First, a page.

Meet the Ones to Watch

Our annual “hot list” of local movers and shakers you may want to keep an eye on

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Sarah Henry. Stuart Magazine's 2022 Ones to Watch. Photo by Steven Martine
Photo by Steven Martine

The Child Protector: Sarah Henry

During college, Sarah Henry lived in a safe house helping young girls who were survivors of sex trafficking. It was part of an internship she took on while studying for a degree in social work at Palm Beach Atlantic University. Although the work was challenging, it was also rewarding—and it was then that Henry knew combating human trafficking was her calling. “I was determined to help prevent trafficking of children through education and awareness,” says Henry, 30, who is now community development director for Catch the Wave of Hope, a Stuart-based nonprofit dedicated to this mission. “We are a local grassroots organization focusing on education, offering mental health advisors, and working with legislature to recognize and fight horrific human trafficking,” she explains. The Jensen Beach resident is also a board member of the Human Trafficking Coalition of the Treasure Coast and Okeechobee and previously worked as a foster family support specialist and supervisor.

Shot on location outside the House of Refuge on Hutchinson Island in Stuart

Kerri Paizzi. Stuart Magazine's 2022 Ones to Watch. Photo by Steven Martine
Photo by Steven Martine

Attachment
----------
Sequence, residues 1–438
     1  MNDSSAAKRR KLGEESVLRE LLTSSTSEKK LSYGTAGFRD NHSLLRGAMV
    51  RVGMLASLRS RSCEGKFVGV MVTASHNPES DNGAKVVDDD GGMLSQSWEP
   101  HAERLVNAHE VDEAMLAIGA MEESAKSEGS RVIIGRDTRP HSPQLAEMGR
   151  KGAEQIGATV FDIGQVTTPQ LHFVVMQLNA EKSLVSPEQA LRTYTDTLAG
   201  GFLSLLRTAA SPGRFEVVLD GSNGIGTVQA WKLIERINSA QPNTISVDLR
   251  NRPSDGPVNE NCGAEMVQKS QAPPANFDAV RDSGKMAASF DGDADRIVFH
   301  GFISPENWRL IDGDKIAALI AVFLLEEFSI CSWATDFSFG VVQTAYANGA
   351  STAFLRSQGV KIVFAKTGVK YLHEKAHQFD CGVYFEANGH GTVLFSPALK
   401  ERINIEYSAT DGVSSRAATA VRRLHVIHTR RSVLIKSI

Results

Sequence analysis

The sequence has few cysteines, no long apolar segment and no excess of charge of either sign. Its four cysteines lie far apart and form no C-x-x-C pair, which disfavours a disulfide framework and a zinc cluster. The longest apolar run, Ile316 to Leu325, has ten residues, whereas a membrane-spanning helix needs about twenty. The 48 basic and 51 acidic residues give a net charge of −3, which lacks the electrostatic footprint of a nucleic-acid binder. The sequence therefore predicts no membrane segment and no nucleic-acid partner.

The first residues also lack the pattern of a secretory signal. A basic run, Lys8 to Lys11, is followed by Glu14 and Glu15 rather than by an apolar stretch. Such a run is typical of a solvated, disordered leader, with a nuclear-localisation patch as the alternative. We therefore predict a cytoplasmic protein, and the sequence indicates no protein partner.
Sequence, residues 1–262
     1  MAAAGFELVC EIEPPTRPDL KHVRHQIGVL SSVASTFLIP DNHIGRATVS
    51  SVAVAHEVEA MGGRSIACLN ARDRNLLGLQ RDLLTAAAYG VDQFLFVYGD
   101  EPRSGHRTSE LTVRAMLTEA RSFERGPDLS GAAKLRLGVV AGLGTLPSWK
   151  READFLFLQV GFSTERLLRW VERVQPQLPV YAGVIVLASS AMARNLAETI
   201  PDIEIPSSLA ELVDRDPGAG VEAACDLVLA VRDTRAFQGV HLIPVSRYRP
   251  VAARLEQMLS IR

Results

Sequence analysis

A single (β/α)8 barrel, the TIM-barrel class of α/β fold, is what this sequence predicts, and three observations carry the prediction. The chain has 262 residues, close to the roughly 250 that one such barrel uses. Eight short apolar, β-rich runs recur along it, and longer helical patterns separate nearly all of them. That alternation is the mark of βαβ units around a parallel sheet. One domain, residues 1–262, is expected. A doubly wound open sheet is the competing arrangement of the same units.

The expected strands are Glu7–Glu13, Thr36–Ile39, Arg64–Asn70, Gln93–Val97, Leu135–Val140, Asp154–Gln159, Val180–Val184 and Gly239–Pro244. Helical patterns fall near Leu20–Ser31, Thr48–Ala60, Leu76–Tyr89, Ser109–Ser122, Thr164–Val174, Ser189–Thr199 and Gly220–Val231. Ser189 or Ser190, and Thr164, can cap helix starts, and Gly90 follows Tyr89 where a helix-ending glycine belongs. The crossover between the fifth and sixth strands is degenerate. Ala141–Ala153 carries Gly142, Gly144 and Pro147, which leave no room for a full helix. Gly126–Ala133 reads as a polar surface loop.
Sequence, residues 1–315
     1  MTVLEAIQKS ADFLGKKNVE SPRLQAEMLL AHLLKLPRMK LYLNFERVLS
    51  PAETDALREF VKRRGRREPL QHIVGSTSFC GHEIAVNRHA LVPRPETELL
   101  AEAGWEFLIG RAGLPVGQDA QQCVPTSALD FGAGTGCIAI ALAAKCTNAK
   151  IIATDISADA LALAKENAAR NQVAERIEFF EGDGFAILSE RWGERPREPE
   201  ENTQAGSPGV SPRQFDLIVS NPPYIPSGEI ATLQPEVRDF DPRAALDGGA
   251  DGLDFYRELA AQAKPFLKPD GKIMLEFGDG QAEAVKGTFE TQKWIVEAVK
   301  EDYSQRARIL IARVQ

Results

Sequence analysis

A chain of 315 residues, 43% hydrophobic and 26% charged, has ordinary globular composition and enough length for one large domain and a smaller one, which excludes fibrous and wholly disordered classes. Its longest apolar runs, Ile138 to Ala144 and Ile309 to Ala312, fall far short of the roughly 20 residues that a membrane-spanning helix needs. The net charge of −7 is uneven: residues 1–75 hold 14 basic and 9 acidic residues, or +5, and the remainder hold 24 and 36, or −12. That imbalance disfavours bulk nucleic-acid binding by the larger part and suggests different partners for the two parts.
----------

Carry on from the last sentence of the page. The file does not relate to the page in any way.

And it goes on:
The Small-Biz Whiz: Kerri Paizzi

Stuart resident Kerri Paizzi, 39, has had a lifelong love affair with food. She spent years in the restaurant business and is also the owner of Monarch Marketing and Design, an influential digital marketing and social media agency specializing in small businesses on the Treasure Coast. Last October, she decided to take a leap and indulge her fondness for food, purchasing the famed Flavor Palm Beach franchise—a monthlong food fest highlighting Palm Beach County restaurants that takes place every September. “It brings joy to my heart to see these small businesses grow as more people are able to sample their food,” she says. Paizzi is excited to reveal that she is now bringing the concept north, launching Flavor Martin County in October. The event will focus on the cuisine from around 50 restaurants between Hobe Sound and Jensen Beach, bringing much-deserved attention to these small businesses. “I can’t wait to start this concept in Martin County,” she says. In addition to Monarch Marketing and Design and the two Flavor fests, Paizzi also owns Monarch Music, a booking agency that aims to showcase the wealth of musical talent in South Florida. “There are so many fine musicians here, so I took a hobby and turned it into a business by hiring bands for venues from Melbourne to West Palm Beach,” she says. Paizzi attributes her ability to straddle multiple businesses to being organized, eager, and true to her word. “I don’t take on more than I can handle, I build relationships, and I do what I say I’m going to do,” she says. “I am structured, passionate, and I can work from anywhere. I love it all!”

Shot on location at Hudson’s on the River in Stuart

Jeronda Hill. Stuart Magazine's 2022 Ones to Watch. Photo by Jason Nuttle
Photo by Jason Nuttle

The Character Builder: Jeronda Hill